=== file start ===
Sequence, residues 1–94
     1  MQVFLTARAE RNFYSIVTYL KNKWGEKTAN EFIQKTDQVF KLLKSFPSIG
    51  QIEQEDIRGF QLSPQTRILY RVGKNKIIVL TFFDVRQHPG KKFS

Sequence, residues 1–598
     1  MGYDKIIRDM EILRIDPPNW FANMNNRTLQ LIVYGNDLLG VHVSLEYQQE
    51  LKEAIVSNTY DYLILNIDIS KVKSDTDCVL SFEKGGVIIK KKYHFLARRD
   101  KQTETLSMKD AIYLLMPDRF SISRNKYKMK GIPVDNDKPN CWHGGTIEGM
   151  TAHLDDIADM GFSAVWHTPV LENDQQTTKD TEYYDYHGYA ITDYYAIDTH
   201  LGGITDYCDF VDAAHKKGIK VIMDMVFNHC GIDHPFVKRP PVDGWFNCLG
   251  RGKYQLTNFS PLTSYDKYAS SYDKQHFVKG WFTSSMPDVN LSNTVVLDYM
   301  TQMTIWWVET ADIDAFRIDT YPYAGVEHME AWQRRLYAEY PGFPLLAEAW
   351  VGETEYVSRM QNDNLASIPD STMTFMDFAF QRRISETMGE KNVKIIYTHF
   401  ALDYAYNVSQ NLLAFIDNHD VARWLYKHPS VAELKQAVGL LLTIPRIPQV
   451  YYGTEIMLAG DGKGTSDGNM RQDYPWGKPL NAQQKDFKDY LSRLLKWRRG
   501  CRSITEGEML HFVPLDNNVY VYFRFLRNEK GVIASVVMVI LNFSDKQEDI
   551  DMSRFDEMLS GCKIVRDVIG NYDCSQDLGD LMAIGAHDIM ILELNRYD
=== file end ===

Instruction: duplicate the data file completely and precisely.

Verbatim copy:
Sequence, residues 1–94
     1  MQVFLTARAE RNFYSIVTYL KNKWGEKTAN EFIQKTDQVF KLLKSFPSIG
    51  QIEQEDIRGF QLSPQTRILY RVGKNKIIVL TFFDVRQHPG KKFS

Sequence, residues 1–598
     1  MGYDKIIRDM EILRIDPPNW FANMNNRTLQ LIVYGNDLLG VHVSLEYQQE
    51  LKEAIVSNTY DYLILNIDIS KVKSDTDCVL SFEKGGVIIK KKYHFLARRD
   101  KQTETLSMKD AIYLLMPDRF SISRNKYKMK GIPVDNDKPN CWHGGTIEGM
   151  TAHLDDIADM GFSAVWHTPV LENDQQTTKD TEYYDYHGYA ITDYYAIDTH
   201  LGGITDYCDF VDAAHKKGIK VIMDMVFNHC GIDHPFVKRP PVDGWFNCLG
   251  RGKYQLTNFS PLTSYDKYAS SYDKQHFVKG WFTSSMPDVN LSNTVVLDYM
   301  TQMTIWWVET ADIDAFRIDT YPYAGVEHME AWQRRLYAEY PGFPLLAEAW
   351  VGETEYVSRM QNDNLASIPD STMTFMDFAF QRRISETMGE KNVKIIYTHF
   401  ALDYAYNVSQ NLLAFIDNHD VARWLYKHPS VAELKQAVGL LLTIPRIPQV
   451  YYGTEIMLAG DGKGTSDGNM RQDYPWGKPL NAQQKDFKDY LSRLLKWRRG
   501  CRSITEGEML HFVPLDNNVY VYFRFLRNEK GVIASVVMVI LNFSDKQEDI
   551  DMSRFDEMLS GCKIVRDVIG NYDCSQDLGD LMAIGAHDIM ILELNRYD